During the course of the community discussion on a potential soda tax, we have cited our interview with Dr. Harold Goldstein. Some of his figures have come into question and so we asked Dr. Goldstein to provide the Vanguard with citations that back up the claims. He has done so.
Dr. Goldstein told us that the research suggests that the proliferation of sugar beverages over the last 40 years has greatly contributed to obesity problems. From 1977 to 2001, people consumed about 278 calories more and about 43 percent of those calories came from beverages.
He argued that consuming just one soda a day increases the risk of obesity by 50 percent and of diabetes by 30 percent.
In 2005, researchers SJ Nielsen and BM Popkin published a study in the American Journal of Preventative Medicine. They looked at changes in beverage intake between 1977 and 2001 and found for all age groups, “sweetened beverage consumption increased and milk consumption decreased. Overall, energy intake from sweetened beverages increased 135% and was reduced by 38% from milk, with a 278 total calorie increase.”
They add, “These trends were associated with increased proportions of Americans consuming larger portions, more servings per day of sweetened beverage, and reductions in these same measures for milk.”
In other words, the researchers found that the consumption of sweetened beverages more than doubled in that 24-year period and was a primary reason why caloric intake increased by 278 calories. This is backed up by subsequent research.
A 2010 meta-analysis published in Public Health Nutrition by Gail Woodward-Lopez, et al found that “Obesity rates and sweetened beverage intake have increased in tandem in the USA.”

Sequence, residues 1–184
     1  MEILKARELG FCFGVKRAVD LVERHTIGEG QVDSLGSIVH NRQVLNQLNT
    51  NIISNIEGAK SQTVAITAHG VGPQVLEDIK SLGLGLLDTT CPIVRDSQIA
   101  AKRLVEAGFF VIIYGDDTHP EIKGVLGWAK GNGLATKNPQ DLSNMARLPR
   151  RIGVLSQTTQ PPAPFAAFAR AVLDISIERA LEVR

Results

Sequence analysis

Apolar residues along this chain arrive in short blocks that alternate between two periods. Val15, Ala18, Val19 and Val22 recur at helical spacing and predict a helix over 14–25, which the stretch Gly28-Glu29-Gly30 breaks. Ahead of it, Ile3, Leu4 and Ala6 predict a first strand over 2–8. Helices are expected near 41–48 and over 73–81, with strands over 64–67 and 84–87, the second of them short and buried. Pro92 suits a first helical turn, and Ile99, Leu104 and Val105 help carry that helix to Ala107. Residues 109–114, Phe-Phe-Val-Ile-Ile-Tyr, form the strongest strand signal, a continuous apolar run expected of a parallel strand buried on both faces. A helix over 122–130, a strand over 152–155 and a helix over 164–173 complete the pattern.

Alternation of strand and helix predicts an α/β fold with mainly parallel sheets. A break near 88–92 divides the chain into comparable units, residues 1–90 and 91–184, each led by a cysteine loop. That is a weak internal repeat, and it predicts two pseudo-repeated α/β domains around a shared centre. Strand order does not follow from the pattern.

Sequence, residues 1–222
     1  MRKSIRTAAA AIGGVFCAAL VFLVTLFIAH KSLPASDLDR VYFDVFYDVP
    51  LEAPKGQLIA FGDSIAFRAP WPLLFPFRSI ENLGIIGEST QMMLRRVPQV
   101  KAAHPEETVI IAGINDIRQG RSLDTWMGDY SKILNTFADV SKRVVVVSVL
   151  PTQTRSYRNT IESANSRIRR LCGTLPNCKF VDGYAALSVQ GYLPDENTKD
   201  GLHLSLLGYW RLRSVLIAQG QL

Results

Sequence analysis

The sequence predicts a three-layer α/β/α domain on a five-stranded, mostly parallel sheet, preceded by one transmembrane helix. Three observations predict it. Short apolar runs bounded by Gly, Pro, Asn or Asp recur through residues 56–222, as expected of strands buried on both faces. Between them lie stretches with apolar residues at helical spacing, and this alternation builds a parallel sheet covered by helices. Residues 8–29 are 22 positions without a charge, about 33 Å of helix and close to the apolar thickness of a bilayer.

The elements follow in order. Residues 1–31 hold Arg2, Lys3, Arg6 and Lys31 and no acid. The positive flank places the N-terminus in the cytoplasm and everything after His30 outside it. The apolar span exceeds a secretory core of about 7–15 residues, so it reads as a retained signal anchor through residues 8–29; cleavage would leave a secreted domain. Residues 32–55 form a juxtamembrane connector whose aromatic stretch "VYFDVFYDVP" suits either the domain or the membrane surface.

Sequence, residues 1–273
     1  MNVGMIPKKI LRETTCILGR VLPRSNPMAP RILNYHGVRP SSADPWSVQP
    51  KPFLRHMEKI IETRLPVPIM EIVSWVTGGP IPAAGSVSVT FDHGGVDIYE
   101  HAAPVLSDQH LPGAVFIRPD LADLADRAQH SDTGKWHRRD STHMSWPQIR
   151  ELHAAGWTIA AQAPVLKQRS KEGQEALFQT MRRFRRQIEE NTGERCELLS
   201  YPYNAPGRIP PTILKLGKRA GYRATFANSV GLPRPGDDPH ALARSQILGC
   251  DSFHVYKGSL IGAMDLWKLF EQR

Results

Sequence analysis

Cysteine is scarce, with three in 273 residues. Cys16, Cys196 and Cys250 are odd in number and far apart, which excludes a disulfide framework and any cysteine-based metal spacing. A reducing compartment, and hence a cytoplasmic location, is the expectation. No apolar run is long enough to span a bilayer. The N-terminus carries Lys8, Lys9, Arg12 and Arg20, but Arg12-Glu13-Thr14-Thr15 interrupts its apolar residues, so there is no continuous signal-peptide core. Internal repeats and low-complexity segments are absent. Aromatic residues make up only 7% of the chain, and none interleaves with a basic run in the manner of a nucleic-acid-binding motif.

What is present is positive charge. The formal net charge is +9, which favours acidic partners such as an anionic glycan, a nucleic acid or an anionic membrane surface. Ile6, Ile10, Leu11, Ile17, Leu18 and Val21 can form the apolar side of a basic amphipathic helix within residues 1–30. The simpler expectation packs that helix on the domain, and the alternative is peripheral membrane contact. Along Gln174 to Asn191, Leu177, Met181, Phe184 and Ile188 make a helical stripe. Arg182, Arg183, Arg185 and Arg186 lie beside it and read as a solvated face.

They write, “Studies consistently show that higher intake of sweetened beverages is associated with higher energy intake. Energy in liquid form is not well compensated for by reductions in the intake of other sources of energy. Well-designed observational studies consistently show a significant positive relationship between sweetened beverage intake and adiposity. More importantly, several well-conducted randomized controlled trials have shown statistically significant changes in adiposity as a result of corresponding changes in sweetened beverage intake.”
They conclude, “All lines of evidence consistently support the conclusion that the consumption of sweetened beverages has contributed to the obesity epidemic. It is estimated that sweetened beverages account for at least one-fifth of the weight gained between 1977 and 2007 in the US population. Actions that are successful in reducing sweetened beverage consumption are likely to have a measurable impact on obesity.”
Pan A and Hu FB in 2011 published an article that found huge differences in the effects of carbohydrates on satiety between liquid and solid food. Satiety is the feeling of being full after eating food. It is a huge factor, because one of the problems with liquid drinks is that they do not fill people up like solid food does and thus many people will eat more.
The researchers here note, “A number of studies have examined the role of dietary fiber, whole grains, and glycemic index or glycemic load on satiety and subsequent energy intake, but results remain inconclusive. Intake of liquid carbohydrates, particularly sugar-sweetened beverages, has increased considerably across the globe in recent decades in both adolescents and adults. In general, liquid carbohydrates produce less satiety compared with solid carbohydrates. Some energy from liquids may be compensated for at subsequent meals but because the compensation is incomplete, it leads to an increase in total long-term energy intake.”